Yet relief awaits. The grade now quickly recedes to less than 10%. You enter an open alpine basin, the last 2.48 miles climb at an average of only 4%. Sweeping curves and a rising grade lie just below the summit: the Mono County Line, a new highway district, your first view of the high desert ranges to the east, tourists and well-wishers, and a sign announcing your arrival at SONORA PASS / ELEVATION 9624 FEET. The battle is over, and your side has won.
End of John Finley Scott's contribution to our tale today. Wasn't that fun? It gives you a sense of the challenge and of the respect, if not outright dread, which cyclists have for this daunting ascent.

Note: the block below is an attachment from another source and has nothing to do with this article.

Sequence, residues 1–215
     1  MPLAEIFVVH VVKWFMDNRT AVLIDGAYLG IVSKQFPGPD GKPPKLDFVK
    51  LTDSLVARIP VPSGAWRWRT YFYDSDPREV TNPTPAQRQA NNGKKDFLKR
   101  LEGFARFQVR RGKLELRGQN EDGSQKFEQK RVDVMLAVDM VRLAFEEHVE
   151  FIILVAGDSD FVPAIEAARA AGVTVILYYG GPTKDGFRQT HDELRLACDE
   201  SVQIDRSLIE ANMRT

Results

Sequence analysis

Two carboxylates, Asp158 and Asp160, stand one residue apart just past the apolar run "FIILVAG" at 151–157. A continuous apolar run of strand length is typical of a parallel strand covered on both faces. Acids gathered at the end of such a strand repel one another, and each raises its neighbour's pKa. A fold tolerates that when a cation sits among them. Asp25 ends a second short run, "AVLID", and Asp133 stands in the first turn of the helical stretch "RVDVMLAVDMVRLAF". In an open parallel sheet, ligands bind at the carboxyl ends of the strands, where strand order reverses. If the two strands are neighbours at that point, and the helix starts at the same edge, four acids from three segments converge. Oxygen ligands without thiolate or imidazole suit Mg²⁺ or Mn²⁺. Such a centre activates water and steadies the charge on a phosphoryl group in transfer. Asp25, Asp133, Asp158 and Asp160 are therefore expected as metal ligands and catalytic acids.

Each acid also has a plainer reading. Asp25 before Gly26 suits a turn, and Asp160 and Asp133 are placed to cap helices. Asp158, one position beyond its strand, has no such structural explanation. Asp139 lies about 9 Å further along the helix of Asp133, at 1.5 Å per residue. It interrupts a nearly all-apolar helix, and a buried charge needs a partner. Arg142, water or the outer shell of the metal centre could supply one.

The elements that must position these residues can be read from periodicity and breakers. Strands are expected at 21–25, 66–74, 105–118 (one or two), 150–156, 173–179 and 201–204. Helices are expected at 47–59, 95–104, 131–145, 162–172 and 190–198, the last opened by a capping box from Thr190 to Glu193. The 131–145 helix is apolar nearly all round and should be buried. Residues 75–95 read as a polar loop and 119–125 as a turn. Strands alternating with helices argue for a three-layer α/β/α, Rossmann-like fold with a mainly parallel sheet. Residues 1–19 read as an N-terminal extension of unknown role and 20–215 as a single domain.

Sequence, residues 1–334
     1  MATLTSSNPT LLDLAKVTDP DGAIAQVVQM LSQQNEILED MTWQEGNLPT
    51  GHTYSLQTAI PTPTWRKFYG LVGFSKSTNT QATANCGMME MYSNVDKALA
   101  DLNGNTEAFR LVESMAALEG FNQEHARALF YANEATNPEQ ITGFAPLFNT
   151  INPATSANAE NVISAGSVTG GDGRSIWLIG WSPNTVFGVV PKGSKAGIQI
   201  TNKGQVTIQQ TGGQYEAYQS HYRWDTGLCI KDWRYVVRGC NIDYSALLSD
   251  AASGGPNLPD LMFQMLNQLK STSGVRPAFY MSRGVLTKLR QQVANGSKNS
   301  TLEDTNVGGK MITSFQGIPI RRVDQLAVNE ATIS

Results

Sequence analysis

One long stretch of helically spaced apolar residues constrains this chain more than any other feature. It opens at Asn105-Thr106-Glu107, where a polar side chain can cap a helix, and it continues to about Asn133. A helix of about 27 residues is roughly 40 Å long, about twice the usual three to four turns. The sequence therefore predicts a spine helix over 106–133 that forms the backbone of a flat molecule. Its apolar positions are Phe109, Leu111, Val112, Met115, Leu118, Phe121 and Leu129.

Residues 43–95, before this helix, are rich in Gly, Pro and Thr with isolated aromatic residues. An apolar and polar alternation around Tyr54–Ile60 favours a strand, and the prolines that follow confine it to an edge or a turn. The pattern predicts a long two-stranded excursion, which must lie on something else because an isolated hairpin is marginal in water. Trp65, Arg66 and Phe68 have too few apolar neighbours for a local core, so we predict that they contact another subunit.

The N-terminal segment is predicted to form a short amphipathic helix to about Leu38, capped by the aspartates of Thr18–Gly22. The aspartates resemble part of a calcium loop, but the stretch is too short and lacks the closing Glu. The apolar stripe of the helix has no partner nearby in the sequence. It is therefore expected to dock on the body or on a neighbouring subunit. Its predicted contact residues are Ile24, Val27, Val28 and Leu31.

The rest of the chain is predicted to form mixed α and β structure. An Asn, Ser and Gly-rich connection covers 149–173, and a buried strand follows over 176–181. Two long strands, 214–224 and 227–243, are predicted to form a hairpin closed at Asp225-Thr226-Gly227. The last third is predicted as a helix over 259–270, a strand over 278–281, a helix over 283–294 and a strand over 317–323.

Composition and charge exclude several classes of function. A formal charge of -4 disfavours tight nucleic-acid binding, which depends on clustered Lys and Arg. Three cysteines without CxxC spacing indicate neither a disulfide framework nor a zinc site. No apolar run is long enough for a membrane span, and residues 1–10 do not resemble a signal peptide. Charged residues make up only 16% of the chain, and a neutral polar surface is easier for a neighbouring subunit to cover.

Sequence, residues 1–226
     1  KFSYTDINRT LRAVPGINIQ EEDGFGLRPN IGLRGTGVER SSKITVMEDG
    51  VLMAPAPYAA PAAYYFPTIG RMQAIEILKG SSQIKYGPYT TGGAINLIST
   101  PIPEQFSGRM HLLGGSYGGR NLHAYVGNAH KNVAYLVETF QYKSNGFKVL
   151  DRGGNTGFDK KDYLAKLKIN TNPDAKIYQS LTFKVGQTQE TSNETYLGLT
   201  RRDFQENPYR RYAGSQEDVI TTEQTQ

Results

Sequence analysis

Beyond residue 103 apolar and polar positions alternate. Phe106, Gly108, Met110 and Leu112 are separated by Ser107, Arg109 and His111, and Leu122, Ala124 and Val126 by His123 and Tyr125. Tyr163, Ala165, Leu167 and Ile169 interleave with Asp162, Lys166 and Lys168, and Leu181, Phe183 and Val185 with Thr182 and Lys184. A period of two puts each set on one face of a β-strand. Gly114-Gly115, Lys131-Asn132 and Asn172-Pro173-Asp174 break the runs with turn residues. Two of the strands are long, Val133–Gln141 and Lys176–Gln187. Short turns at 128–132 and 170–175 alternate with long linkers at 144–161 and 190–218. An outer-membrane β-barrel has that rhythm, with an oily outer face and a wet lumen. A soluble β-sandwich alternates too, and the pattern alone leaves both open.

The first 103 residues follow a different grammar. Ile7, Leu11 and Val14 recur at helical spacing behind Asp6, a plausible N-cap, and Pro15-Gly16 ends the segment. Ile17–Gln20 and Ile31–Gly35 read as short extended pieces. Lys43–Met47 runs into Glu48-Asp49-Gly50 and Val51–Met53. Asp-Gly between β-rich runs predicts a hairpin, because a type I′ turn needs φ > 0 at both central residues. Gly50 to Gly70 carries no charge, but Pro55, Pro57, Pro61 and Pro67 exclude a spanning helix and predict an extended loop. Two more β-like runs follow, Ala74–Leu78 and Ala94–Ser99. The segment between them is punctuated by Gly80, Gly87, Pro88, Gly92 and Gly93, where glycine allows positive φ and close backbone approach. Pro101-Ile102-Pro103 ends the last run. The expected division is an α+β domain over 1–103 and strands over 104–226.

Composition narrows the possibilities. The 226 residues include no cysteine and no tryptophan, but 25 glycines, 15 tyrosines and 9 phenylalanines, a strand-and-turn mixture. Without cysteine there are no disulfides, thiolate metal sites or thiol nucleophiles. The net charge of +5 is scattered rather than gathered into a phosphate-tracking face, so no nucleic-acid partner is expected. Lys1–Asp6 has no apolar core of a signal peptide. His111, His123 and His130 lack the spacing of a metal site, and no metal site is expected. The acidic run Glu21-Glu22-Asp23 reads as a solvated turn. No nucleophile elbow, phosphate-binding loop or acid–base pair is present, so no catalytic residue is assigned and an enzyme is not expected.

I can tell you that I felt this was the hardest climb I have ever done, anywhere. I thought that while sitting at the motel in Walker that evening, swilling down beer and rehashing the hard day with my tour mates. And I still think so, a few weeks later, after a little time might have done its work of healing all wounds and granting me a bit more perspective. I believe all of us on that little tour agreed on at least this much: it is the hardest climb in the Sierra. (And I can tell you that we are a very experienced group of riders, having done pretty much all the significant climbs on either side of the Sierra, plus most of the other major climbs in California and many of the most famous ascents in France and Italy and around the western USA.) My only caveat about all this is age: I did many of those passes many years ago. I am nothing like the climber I used to be. So that may have some bearing on my subjective impression at this point.